Two board members received only slightly more than the required 50 percent approval.
Hewlett-Packard’s shareholders have voted to reelect its entire board of directors, despite opposition from investors who want some members held accountable for recent troubles at HP, including its ill-fated acquisition of Autonomy.
All 11 HP directors were reelected, with at least 50 percent of HP’s shares voted in their favor, Chairman Ray Lane said at the conclusion of HP’s shareholder meeting in California on Wednesday.
Some of the board only barely survived, however. The two directors seen as most vulnerable, G. Kennedy Thompson and John Hammergren, who are both members of HP’s Finance and Investment Committee, received 55.15 percent and 53.91 percent approvals, respectively.
Lane was reelected with 58.88 percent of votes and Marc Andreessen with 69.77 percent, an HP spokesman said. CEO Meg Whitman and most of the other board members received greater than 90 percent approvals, he said.
HP’s shareholders also voted to reelect Ernst & Young as the company’s public auditor, again over the objections of some investors.
The meeting, which was webcast, went off with no real fireworks, although several investors mourned what they see as the loss of the “HP Way,” a set of principles established in HP’s early days that placed a high value on innovation and employees.
One shareholder held up a 20-year-old HP calculator that he said had “taken a few knocks” but was still working. “It’s an example to me of the HP Way, and I’d really like to see that return,” the shareholder said.
HP’s board has faced mounting opposition from shareholders in recent months. They are particularly upset about HP’s acquisition 18 months ago of UK software company Autonomy. HP had to wipe $8.8 billion from its books as a result of the deal, because, it says, it was misled about the value of Autonomy’s business.
Some of HP’s bigger shareholders said before the meeting they would vote against reelecting some of its board members, and they urged other shareholders to do the same.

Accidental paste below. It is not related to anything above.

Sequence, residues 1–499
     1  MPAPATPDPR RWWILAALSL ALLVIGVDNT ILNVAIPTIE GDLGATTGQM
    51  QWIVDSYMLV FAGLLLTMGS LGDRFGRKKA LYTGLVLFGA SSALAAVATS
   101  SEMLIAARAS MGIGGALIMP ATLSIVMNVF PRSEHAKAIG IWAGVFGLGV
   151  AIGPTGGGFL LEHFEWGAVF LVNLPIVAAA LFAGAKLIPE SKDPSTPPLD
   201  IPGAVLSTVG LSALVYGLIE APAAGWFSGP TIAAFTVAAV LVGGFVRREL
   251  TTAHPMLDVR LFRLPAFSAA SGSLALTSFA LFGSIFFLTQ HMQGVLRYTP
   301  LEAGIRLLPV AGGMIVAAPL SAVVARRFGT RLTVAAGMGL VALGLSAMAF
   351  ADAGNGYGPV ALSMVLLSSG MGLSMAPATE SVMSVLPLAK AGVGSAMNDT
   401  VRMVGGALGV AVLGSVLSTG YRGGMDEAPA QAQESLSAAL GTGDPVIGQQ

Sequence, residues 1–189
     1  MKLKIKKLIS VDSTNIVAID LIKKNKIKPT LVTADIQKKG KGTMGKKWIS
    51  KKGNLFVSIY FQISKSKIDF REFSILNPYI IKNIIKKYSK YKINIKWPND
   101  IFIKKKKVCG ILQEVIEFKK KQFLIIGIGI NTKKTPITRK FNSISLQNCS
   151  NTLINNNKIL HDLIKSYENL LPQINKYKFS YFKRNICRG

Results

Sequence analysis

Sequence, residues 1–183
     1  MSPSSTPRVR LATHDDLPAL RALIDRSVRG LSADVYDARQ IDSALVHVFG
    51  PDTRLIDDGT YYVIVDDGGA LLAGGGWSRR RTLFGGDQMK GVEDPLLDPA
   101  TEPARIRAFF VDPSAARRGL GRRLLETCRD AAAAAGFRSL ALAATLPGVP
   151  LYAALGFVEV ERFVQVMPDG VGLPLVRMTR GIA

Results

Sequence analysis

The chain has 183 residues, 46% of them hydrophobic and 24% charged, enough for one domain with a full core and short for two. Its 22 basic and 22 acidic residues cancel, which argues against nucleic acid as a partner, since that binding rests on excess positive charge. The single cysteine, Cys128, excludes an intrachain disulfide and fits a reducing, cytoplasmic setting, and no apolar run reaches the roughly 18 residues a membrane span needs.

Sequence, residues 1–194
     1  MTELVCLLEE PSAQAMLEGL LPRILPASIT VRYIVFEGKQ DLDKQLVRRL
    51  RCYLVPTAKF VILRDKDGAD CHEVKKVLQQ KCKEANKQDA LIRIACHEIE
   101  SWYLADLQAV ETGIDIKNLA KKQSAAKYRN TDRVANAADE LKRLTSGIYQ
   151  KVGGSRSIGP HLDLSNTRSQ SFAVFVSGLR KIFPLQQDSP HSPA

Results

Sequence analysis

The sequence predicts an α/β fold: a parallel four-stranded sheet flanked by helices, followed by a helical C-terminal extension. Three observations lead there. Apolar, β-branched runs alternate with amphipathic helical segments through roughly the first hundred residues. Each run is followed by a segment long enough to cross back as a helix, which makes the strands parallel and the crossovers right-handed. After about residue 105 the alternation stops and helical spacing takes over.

The New York City Pension Funds, which holds 5.5 million HP shares, said it would vote against Thompson and Hammergren. The Finance and Investment Committee bears “primary responsibility” for the Autonomy deal, the fund said.
“As the two longest-serving directors, they also bear responsibility for approving HP’s ill-advised acquisitions of EDS and Palm, and for the board’s hasty decision to hire Leo Apotheker, whose short-lived tenure as CEO ended shortly after the Autonomy acquisition that he engineered,” the fund said in a regulatory filing ahead of Wednesday’s meeting.
Other investment groups said they would vote against the two men as well, along with Lane, Andreessen and Rajiv Gupta.
HP argued before the meeting that changing the board could be “destabilizing” for the company. “Losing some of our directors in an abrupt and disorderly manner could undermine our efforts to stabilize the company,” it said in a regulatory filing.
At the meeting, Whitman again laid out her plans for getting HP back on track. They involve building solid products, improving customer satisfaction, expanding sales and energizing HP’s channel partners.
“Despite what you might have heard, innovation is alive and well,” Whitman said.
Despite reelecting the board, some shareholders are clearly dissatisfied with the current management.
“It seems that when more business-trained executives started taking over the company, rather than engineering-trained executives, it really changed,” said the shareholder with the calculator. Another shareholder suggested HP should be more like Oracle, building a single, integrated stack of products.
Autonomy’s former management also got in on the criticism Wednesday, releasing an open letter questioning HP’s allegations of impropriety. It asked the board to explain how it was misled and to provide evidence of the misconduct.
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